Church of Ireland criticises school admissions proposal

Bishops say education debate should not ‘trample’ on the rights of minority faiths

The Church of Ireland has criticised a proposal to oblige religious schools to prioritise local children in their admissions. File photograph: Cyril Byrne/The Irish Times

The Church of Ireland has criticised a proposal to oblige religious schools to prioritise local children in their admissions. File photograph: Cyril Byrne/The Irish Times

 

The Church of Ireland has criticised a proposal to oblige religious schools to prioritise local children in their admissions.

In a new statement, the church’s house of bishops also called for more balance and less hyperbole in the debate on faith schools, saying that “the rights of a minority denomination should not be trampled on in a race towards a populist understanding of pluralism”.

The statement said that “seeking to radically undermine the legal protections which support the provision of faith-based education by religious minorities in Ireland will do little for equality or fairness in Irish education”.

It said the proposed changes to school admissions rules “will do nothing to increase resources in specific areas.

“Instead, the change will merely create a new cohort of children who are excluded from education within their own faith.”

The bishops said that preventing “a Church of Ireland school from prioritising children from that community will lead to a splintering and a diminishing of that link, causing hurt, confusion and disillusionment”.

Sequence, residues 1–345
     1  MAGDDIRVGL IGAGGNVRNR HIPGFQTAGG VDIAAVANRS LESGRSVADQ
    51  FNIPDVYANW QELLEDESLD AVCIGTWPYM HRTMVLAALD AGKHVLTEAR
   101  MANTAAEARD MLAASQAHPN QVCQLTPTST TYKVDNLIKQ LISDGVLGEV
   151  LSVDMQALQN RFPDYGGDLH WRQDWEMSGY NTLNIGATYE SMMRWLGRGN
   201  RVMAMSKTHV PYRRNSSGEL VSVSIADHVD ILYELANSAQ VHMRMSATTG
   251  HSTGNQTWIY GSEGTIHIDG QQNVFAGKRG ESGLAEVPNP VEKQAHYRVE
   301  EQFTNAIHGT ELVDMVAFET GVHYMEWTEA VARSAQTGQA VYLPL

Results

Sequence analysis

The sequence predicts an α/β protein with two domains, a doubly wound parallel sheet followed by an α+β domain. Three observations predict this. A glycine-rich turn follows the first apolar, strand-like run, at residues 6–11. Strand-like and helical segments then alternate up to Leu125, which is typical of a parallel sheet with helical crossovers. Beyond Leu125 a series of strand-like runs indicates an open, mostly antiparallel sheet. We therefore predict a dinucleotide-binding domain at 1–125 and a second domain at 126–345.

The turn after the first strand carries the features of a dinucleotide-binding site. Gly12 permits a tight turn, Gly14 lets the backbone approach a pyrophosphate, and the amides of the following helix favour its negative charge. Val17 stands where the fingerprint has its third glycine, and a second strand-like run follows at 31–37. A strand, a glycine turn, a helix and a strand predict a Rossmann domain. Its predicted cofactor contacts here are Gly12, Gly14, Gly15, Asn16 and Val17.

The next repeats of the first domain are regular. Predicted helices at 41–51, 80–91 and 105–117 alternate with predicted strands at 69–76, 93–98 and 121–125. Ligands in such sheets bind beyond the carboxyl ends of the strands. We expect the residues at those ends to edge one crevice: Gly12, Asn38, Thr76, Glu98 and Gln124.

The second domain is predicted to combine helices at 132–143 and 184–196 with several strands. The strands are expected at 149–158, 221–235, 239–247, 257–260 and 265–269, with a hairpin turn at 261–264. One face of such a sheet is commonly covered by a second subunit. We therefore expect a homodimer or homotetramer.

They said Minister for Education Richard Bruton was understood to have received “over 100 submissions from schools under Church of Ireland patronage from across the country” in relation to the proposed changes.

“Each school has expressed concern and alarm at the Minister’s proposals.

“This is a very strong voice from the members of our community, which must be heard and recognised.”

Media failures

The statement also said that “in recent years, faith schools have been poorly served, at times, by news media.

“Too often, there is a failure to ensure that hyperbole and opinion are counter-balanced with evidence-based facts.”

The bishops said they found it “difficult to reconcile what we know and experience about the schools under Church of Ireland patronage with much of the public debate around school admissions and primary education in general”.

Inclusivity and respect for diversity were “not new concepts to Church of Ireland schools”, they said.

The statement said Church of Ireland schools were “child-centred, co-educational and are faith-based, Christian in ethos”.

The bishops pointed out that “many non-religious parents choose schools under Church of Ireland patronage [for their children], as they see the ethos of Church of Ireland schools as an attractive moral and spiritual framework within which they wish their children to be educated”.

They said that, as school patrons, “we know that schools work hard not to allow any child to feel excluded on the basis of their (or their parents’) beliefs”.